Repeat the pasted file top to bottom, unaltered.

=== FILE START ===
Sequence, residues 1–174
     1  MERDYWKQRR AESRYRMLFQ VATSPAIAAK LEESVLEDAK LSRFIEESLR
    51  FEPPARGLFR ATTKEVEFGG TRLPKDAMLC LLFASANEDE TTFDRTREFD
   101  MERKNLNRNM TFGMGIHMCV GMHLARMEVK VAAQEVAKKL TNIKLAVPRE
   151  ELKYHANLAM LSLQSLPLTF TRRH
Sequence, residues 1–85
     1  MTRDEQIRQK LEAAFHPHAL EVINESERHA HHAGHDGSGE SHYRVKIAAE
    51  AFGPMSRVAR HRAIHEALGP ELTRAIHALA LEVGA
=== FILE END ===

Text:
Sequence, residues 1–174
     1  MERDYWKQRR AESRYRMLFQ VATSPAIAAK LEESVLEDAK LSRFIEESLR
    51  FEPPARGLFR ATTKEVEFGG TRLPKDAMLC LLFASANEDE TTFDRTREFD
   101  MERKNLNRNM TFGMGIHMCV GMHLARMEVK VAAQEVAKKL TNIKLAVPRE
   151  ELKYHANLAM LSLQSLPLTF TRRH
Sequence, residues 1–85
     1  MTRDEQIRQK LEAAFHPHAL EVINESERHA HHAGHDGSGE SHYRVKIAAE
    51  AFGPMSRVAR HRAIHEALGP ELTRAIHALA LEVGA